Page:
Dual deployment for beginners

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Tamir Friedman

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Hello!

We are currently designing our first rocket to use dual deployment recovery system. We are trying to assess what parachutes we should get for each deployment and we were wondering if there is a rule of thumb to the velocity we are trying to achieve by the first deployment and also at what altitude would you usually suggest to deploy the second parachute?

Thank you!
 

Zeta

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Tamir,
how much does your rocket weight, and what diameter and length is it?
 

Tamir Friedman

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Tamir,
how much does your rocket weight, and what diameter and length is it?

Our current simulation estimate it will weight 1.3kg and it's length will be around 1.5m (we are still debating some of the materials)
 

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Tamir Friedman

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Our current simulation estimate it will weight 1.3kg and it's length will be around 1.5m (we are still debating some of the materials)

(the added weight is becase we have a payload that we are still unsure of it's weight, but it shouldn't be big)
 

Tamir Friedman

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(the added weight is becase we have a payload that we are still unsure of it's weight, but it shouldn't be big)
oops I am sorry, didn't notice the simulation removed the motor. With the empty motor it should weight at about 2kg
 

manixFan

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Very good question, but one without a definite answer. However the most common rule of thumb I've run into seems to be about 15.2-21.3 m/sec (50-70 ft/sec). Basically you want to control the descent and keep the payload bay above the fin can. That way when the main deploys there is less chance of it fouling with the lower section.

In practice it does not take a very big chute to slow the descent rate because of the loss of stability when the parts separate. My guess is depending on design a 300mm or 450mm drouge (12" or 18") will be plenty big enough, but it will be good to hear what others recommend.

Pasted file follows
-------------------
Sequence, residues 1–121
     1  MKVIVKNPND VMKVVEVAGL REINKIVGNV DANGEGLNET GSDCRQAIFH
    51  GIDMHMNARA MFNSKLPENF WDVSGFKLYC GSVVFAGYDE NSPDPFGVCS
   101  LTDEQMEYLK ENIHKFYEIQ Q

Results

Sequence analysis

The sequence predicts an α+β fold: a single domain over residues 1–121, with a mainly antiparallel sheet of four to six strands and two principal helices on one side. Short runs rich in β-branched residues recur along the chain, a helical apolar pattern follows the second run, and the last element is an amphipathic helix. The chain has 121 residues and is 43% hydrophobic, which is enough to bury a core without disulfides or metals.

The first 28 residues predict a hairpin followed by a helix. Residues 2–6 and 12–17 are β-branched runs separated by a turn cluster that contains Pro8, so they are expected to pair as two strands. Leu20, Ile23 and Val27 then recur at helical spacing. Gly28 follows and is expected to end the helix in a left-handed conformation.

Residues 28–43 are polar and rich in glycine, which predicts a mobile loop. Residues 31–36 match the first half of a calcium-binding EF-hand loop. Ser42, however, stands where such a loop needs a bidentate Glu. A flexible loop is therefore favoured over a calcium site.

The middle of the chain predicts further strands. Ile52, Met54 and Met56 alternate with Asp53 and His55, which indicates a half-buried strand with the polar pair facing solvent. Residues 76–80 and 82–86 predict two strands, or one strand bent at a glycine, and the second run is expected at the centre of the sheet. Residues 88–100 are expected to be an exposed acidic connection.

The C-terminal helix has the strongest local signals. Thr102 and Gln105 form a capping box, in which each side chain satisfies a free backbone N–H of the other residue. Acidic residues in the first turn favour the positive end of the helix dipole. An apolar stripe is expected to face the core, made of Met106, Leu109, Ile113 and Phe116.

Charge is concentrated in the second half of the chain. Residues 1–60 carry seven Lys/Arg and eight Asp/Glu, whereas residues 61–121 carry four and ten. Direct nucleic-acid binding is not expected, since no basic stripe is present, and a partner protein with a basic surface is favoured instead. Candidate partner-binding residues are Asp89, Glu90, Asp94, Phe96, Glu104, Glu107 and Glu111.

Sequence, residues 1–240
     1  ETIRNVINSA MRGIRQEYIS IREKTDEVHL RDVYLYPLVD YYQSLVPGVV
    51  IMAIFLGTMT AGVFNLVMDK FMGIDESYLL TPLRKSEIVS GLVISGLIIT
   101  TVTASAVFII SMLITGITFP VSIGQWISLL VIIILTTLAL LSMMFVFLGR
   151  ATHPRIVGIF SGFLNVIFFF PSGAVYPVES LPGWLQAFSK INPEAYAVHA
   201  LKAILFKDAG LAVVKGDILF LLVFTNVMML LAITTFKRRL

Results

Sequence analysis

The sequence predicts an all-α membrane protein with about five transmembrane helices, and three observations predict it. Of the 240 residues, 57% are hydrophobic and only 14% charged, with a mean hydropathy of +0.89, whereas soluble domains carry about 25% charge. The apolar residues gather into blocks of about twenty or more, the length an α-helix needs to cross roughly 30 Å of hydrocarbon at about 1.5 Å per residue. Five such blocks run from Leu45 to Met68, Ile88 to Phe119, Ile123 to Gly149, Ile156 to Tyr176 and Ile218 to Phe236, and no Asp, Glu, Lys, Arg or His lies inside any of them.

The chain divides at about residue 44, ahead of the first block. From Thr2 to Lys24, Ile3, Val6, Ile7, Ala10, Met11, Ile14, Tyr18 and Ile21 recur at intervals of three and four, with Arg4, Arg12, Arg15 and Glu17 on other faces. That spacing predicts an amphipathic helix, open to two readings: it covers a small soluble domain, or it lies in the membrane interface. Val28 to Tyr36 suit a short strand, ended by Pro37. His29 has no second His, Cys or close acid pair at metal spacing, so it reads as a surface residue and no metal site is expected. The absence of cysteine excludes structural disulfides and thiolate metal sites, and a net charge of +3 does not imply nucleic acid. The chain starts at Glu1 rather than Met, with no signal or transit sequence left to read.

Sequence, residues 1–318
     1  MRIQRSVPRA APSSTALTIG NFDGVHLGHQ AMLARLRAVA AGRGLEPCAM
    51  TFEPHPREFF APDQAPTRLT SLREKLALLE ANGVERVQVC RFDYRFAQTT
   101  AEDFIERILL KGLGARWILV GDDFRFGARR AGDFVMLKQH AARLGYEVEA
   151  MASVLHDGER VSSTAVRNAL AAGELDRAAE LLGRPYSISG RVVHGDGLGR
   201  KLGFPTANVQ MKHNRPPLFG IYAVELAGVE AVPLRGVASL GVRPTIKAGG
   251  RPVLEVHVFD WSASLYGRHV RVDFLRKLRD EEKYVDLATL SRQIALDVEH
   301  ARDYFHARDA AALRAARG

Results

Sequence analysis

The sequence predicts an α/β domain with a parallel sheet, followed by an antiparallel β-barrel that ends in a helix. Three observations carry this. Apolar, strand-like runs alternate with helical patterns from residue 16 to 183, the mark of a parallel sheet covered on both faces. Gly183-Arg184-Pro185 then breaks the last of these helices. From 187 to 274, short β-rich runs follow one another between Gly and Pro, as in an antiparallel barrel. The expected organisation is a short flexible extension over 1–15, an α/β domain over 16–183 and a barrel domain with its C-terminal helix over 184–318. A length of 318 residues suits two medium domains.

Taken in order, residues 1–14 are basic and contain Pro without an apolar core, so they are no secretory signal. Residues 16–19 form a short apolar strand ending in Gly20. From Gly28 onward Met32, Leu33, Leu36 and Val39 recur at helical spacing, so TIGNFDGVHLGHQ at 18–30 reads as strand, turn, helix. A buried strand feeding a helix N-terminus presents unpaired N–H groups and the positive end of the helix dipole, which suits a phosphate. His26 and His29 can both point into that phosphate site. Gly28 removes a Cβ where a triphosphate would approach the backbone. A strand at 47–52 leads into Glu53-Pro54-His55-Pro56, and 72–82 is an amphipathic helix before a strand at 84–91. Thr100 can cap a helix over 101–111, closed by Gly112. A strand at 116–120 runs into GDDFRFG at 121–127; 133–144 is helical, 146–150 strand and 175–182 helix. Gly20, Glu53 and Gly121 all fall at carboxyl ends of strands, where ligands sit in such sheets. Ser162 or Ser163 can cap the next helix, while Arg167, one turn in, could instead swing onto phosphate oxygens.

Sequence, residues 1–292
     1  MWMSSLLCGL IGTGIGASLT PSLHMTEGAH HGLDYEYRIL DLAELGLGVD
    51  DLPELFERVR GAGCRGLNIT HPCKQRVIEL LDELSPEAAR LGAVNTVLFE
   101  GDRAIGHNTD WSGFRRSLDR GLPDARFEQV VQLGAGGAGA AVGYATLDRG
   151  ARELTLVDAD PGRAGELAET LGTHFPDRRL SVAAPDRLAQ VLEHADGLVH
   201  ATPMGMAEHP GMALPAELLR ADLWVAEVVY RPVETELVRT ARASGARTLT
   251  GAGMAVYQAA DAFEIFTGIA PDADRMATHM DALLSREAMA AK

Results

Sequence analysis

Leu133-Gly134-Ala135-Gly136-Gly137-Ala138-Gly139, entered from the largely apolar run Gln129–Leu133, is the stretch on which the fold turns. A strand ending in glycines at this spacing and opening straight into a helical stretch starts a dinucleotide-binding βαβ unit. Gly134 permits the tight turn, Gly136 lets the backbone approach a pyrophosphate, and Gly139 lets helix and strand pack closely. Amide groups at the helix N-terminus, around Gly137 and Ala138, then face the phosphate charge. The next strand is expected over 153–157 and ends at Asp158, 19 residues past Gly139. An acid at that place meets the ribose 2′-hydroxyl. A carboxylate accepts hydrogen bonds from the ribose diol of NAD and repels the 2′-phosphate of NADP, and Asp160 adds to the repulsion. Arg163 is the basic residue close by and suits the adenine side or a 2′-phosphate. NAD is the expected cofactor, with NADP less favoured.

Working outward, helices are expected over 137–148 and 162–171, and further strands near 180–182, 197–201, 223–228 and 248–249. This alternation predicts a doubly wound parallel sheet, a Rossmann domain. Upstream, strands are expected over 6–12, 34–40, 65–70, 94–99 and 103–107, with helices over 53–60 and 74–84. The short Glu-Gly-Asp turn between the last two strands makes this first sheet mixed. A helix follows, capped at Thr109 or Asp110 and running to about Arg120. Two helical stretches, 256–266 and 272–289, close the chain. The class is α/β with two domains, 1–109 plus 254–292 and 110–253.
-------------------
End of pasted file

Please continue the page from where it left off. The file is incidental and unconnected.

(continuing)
Tony
 

David Schwantz

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A lot of chutes makers list descent rates per chute on their sites. Top Flight Recovery for one. For the drogue you want enough drag to form an inverted "V" in your shock cord. That way when the main blows, it is away from the rocket booster. But not so much that she will drift away under drogue. I have gone to 30' and 60' streamers on some of my rockets. When you have an all up weight after burnout you can go to the descent rate chart and figure the size of chute you will need for the weight at your desired descent rate.
 

Zeta

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David, my daughter and I carried her last rocket into the UPS store to get an accurate weight on it. You should have seen the looks we got. People that have never seen an HPR think all kinds of crazy things when they see one! So anyway what I am trying to say to Tamir is you can always wait until the rocket is built to figure out the chute sizes.
 

David Schwantz

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Zeta, wish I could've seen that one :)
Kind of what I meant when I said all up weight minus propellant. Wait till she is all built, then add motor hdw to total. Believe it or not, even paint can add a lot of weight.
 

Voyager1

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Our current simulation estimate it will weight 1.3kg and it's length will be around 1.5m (we are still debating some of the materials)
I occasionally fly a Madcow Formula54 in a dual deploy configuration that has a launch mass of about 1.6kg and a length of 1.5m. Typically I would use a 40-45 cm (~15"-20") drogue and an 80cm (32") main with deployment and landing velocities of 15-20 m/s and 6-7m/s, respectively. I will adjust these chute sizes depending on the current wind conditions. I generally deploy the main at between 500'-700'.
 

Zeus-cat

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Just to let you know, fps is feet per second
 

Rex R

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There is another to consider for when to deploy the main chute, which is, how long will it take to unfold every thing ànd slow down. My descent rates of about 60 fps under drogue it takes about 100' to deploy the main and slow for landing, so I figure 400' to be safe.
 
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